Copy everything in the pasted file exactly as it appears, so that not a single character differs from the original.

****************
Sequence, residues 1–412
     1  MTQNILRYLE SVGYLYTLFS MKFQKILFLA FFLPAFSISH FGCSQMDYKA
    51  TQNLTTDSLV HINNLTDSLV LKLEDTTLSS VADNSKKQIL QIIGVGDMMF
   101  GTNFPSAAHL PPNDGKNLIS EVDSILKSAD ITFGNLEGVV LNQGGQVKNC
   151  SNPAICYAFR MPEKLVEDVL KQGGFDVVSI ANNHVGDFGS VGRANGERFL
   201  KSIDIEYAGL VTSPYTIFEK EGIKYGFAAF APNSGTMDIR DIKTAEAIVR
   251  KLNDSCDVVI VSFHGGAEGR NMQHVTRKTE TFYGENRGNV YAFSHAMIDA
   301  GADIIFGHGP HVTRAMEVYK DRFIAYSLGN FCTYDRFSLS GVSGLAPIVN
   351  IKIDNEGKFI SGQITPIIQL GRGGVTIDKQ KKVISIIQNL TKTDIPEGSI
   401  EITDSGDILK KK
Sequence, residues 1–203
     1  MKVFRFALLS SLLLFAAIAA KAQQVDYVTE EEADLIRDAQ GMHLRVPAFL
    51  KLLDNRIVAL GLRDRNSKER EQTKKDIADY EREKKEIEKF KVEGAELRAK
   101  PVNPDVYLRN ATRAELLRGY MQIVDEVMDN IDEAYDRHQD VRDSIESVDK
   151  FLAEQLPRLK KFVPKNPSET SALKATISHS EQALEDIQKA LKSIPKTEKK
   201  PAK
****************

Sequence, residues 1–412
     1  MTQNILRYLE SVGYLYTLFS MKFQKILFLA FFLPAFSISH FGCSQMDYKA
    51  TQNLTTDSLV HINNLTDSLV LKLEDTTLSS VADNSKKQIL QIIGVGDMMF
   101  GTNFPSAAHL PPNDGKNLIS EVDSILKSAD ITFGNLEGVV LNQGGQVKNC
   151  SNPAICYAFR MPEKLVEDVL KQGGFDVVSI ANNHVGDFGS VGRANGERFL
   201  KSIDIEYAGL VTSPYTIFEK EGIKYGFAAF APNSGTMDIR DIKTAEAIVR
   251  KLNDSCDVVI VSFHGGAEGR NMQHVTRKTE TFYGENRGNV YAFSHAMIDA
   301  GADIIFGHGP HVTRAMEVYK DRFIAYSLGN FCTYDRFSLS GVSGLAPIVN
   351  IKIDNEGKFI SGQITPIIQL GRGGVTIDKQ KKVISIIQNL TKTDIPEGSI
   401  EITDSGDILK KK
Sequence, residues 1–203
     1  MKVFRFALLS SLLLFAAIAA KAQQVDYVTE EEADLIRDAQ GMHLRVPAFL
    51  KLLDNRIVAL GLRDRNSKER EQTKKDIADY EREKKEIEKF KVEGAELRAK
   101  PVNPDVYLRN ATRAELLRGY MQIVDEVMDN IDEAYDRHQD VRDSIESVDK
   151  FLAEQLPRLK KFVPKNPSET SALKATISHS EQALEDIQKA LKSIPKTEKK
   201  PAK